The last minute action by the House of Representatives, approving legislation to deal with the ongoing border crisis, will provide both needed funding and allow for quicker repatriation of illegal aliens who enter the United States and lack a valid claim to stay.
However, the bill does not address the underlying cause of the border crisis, which is the Obama administration’s systematic dismantlement of immigration enforcement, its defiant refusal to enforce most immigration laws, and its unilateral decisions to grant de facto amnesty to broad classes of illegal aliens.
The Supplemental Appropriation closes the loophole in the Trafficking Victims Protection Reauthorization Act of 2008 (TVPRA), which has had the perverse effect of encouraging human smuggling and mass illegal immigration of younger illegal aliens. The tweaks made to the TVPRA assures that that true victims of human trafficking will continue to be protected but allows immigration officials to deal quickly with minors and entire families attempting to gain entry to the U.S. for purely economic reasons.
The Supplemental Appropriation authorizes additional funding for the National Guard to assist during this crisis and reimburses local governments that have been affected by the situation. The bill provides additional money to detain and care for illegal aliens who are apprehended while attempting to enter the country illegally and also provides resources for additional judges to reduce backlogs and to repatriate illegal aliens who are not eligible to remain.
In a separate vote, the House moved to address one of the root causes of the flood of Central American illegal aliens when it voted to restrict expansion of the president’s Deferred Action for Childhood Arrivals (DACA) program. Since the announcement of that program in 2012, the number of younger illegal aliens attempting to enter the country has grown exponentially.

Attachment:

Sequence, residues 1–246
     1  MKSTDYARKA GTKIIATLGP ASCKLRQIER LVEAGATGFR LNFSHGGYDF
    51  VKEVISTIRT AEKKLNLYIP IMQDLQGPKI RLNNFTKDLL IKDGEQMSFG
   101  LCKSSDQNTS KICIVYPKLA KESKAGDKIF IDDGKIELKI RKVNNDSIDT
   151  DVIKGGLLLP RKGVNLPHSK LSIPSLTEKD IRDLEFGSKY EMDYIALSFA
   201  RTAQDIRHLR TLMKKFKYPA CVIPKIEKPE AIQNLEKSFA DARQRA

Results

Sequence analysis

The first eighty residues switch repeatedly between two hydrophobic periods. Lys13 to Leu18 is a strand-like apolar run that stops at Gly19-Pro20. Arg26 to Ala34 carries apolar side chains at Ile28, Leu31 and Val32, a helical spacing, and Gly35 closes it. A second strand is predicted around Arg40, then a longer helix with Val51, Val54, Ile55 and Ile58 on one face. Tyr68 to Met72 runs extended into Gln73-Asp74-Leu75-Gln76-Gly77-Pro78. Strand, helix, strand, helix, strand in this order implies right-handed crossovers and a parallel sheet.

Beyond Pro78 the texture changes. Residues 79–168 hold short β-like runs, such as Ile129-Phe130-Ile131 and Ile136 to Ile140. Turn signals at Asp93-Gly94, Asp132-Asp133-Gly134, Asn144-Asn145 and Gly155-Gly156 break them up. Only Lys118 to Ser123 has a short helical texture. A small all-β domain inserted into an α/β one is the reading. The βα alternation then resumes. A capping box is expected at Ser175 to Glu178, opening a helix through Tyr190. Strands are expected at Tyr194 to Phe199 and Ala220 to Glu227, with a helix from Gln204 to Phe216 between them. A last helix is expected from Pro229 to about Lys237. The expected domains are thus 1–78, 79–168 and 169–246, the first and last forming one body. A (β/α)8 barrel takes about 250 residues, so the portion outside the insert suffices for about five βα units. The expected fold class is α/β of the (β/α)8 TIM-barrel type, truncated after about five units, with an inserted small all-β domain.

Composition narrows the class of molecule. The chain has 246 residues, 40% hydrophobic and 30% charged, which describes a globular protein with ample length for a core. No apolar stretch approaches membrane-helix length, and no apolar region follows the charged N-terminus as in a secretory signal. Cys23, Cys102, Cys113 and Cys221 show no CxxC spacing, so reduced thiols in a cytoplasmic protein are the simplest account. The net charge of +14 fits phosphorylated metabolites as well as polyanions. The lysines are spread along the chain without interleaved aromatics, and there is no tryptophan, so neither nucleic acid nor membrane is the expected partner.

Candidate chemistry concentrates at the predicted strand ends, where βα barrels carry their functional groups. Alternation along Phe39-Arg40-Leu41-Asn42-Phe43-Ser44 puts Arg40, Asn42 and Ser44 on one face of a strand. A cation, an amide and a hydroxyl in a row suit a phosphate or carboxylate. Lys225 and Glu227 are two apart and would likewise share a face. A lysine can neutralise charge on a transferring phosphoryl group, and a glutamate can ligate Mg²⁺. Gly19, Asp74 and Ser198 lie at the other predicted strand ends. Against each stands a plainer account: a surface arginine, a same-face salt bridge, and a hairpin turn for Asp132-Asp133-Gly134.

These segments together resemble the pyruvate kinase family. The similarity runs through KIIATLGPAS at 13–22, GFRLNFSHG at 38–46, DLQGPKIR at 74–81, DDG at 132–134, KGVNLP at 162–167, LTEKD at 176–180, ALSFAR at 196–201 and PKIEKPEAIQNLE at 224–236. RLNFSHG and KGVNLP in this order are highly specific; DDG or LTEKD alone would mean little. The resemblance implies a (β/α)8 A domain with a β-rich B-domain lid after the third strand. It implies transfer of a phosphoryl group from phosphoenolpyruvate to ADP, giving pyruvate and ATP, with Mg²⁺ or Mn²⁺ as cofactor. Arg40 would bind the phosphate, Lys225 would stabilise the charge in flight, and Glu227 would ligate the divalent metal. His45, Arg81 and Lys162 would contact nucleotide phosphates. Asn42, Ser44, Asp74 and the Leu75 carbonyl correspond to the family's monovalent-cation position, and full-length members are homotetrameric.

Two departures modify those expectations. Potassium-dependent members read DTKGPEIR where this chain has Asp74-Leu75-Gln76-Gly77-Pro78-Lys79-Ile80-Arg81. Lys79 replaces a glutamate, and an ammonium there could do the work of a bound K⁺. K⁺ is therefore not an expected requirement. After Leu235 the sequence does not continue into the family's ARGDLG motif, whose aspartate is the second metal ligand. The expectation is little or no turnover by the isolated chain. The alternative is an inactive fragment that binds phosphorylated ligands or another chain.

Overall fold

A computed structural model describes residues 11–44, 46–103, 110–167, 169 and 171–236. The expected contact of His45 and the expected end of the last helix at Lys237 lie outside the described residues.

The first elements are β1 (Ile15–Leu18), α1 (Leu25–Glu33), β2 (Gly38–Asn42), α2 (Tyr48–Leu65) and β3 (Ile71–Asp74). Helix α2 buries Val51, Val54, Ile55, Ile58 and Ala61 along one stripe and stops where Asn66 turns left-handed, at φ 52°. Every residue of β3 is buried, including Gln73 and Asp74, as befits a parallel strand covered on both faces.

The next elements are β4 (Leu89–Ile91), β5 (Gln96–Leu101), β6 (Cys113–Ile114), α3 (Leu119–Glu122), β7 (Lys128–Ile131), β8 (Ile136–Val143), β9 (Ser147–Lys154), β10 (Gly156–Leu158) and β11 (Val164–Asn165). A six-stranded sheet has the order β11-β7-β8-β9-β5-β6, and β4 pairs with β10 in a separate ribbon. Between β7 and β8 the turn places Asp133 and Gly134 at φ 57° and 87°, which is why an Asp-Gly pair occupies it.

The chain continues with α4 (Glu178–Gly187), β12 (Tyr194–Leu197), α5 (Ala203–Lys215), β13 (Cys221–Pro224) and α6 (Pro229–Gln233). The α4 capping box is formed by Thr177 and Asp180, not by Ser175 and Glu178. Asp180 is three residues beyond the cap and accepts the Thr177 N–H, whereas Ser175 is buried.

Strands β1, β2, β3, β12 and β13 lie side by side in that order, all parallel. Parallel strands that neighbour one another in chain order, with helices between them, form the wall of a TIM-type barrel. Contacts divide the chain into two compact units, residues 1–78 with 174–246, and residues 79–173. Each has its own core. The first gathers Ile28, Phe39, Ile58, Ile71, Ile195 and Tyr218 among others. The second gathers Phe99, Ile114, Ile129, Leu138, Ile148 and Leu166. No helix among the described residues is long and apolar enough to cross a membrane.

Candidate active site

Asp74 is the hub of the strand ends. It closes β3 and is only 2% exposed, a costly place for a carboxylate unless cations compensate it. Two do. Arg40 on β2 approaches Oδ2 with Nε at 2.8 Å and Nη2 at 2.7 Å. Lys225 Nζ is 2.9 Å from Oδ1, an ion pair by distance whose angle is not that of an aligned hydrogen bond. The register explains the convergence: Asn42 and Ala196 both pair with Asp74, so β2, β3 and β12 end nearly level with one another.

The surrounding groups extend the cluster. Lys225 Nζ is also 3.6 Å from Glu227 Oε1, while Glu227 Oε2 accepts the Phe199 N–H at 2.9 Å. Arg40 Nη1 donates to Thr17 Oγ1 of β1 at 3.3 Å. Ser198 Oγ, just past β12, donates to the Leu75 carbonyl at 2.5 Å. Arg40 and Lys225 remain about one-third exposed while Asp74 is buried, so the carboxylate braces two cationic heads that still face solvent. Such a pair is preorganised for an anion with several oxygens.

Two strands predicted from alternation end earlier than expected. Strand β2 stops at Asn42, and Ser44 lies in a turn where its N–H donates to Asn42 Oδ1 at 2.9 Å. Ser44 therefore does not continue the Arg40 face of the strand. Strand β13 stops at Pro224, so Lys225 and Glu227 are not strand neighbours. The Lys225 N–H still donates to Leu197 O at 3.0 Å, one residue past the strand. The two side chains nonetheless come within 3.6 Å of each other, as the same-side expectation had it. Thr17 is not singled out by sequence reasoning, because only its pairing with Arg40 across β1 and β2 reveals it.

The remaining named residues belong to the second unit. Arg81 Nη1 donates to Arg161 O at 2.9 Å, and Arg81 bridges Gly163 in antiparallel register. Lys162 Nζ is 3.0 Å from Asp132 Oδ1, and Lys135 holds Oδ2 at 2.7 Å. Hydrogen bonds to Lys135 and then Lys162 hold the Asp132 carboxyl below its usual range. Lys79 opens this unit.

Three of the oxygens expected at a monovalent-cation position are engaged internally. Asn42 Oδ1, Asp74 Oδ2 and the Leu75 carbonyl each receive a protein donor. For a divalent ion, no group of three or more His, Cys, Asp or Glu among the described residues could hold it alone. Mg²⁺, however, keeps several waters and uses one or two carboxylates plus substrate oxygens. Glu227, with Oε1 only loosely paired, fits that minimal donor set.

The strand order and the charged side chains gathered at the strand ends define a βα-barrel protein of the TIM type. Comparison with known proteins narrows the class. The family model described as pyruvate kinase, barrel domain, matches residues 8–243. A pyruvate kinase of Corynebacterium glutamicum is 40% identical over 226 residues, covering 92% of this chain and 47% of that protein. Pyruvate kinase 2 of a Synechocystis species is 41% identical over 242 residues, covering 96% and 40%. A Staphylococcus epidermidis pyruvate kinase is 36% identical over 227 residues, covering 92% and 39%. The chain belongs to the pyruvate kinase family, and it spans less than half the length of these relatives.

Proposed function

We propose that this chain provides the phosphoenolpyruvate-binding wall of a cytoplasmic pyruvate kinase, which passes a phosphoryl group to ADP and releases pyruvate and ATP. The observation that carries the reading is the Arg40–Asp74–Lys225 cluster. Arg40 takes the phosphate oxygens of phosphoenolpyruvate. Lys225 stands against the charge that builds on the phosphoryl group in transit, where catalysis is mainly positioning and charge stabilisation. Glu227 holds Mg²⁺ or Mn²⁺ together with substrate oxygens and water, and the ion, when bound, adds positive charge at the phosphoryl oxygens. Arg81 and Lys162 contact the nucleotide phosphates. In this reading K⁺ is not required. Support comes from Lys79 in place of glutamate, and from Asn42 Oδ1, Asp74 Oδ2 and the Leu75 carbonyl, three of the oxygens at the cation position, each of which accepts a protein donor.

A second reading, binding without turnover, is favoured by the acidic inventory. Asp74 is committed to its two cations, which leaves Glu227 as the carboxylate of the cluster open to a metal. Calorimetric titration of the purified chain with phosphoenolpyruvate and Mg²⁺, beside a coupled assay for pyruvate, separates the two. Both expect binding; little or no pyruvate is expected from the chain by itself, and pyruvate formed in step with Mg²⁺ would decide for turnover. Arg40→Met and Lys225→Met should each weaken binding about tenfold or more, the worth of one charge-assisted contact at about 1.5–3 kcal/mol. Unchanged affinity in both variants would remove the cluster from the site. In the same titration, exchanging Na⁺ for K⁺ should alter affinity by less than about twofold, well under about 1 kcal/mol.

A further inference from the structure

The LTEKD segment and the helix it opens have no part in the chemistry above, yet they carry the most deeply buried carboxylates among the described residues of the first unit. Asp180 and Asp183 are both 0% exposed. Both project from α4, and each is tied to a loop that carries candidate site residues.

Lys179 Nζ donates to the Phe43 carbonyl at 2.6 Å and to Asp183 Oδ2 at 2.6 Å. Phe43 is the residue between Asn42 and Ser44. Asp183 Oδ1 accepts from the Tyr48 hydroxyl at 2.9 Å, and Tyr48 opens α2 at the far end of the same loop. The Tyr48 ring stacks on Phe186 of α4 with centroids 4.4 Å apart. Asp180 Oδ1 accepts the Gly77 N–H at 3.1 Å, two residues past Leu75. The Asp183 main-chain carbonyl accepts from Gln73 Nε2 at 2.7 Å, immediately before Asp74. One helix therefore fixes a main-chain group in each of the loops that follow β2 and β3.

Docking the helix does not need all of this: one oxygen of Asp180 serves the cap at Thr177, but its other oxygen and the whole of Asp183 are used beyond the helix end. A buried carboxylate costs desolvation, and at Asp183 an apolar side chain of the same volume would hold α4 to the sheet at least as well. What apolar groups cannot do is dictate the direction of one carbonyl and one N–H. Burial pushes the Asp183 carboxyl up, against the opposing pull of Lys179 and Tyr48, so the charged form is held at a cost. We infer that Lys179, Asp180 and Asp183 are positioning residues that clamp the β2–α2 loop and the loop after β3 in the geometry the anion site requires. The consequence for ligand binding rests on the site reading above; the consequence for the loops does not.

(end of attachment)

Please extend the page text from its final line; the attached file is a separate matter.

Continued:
“The bill that was approved this evening is a vast improvement over the one that was pulled from consideration on Thursday,” noted Dan Stein, president of FAIR. “It is not a perfect bill, but it is a positive step in the effort to regain some control over our immigration policies.
FAIR also applauds the House for its efforts to limit the unauthorized DACA program and prevent further abuse of executive authority to subvert enforcement of immigration laws.
“Unfortunately, the Senate leadership has indicated that they will not support similar legislation in that body. Instead, Senate leaders seem to want to spend additional taxpayer money to manage the crisis, rather than adopt the legislative and policy changes necessary to end the crisis,” continued Stein. “Moreover, it is becoming increasingly likely that the crisis Congress will face when they return to work in September will be exponentially greater than when they left.
“President Obama has signaled his intent to assert even greater discretionary authority to exempt as many as 5-6 million illegal aliens from immigration enforcement, and grant many of them work authorization. If he carries through on that threat, both Houses of Congress will have to address not only an even much greater immigration crisis, but an overt threat to the Constitution’s Separation of Powers Doctrine,” Stein concluded.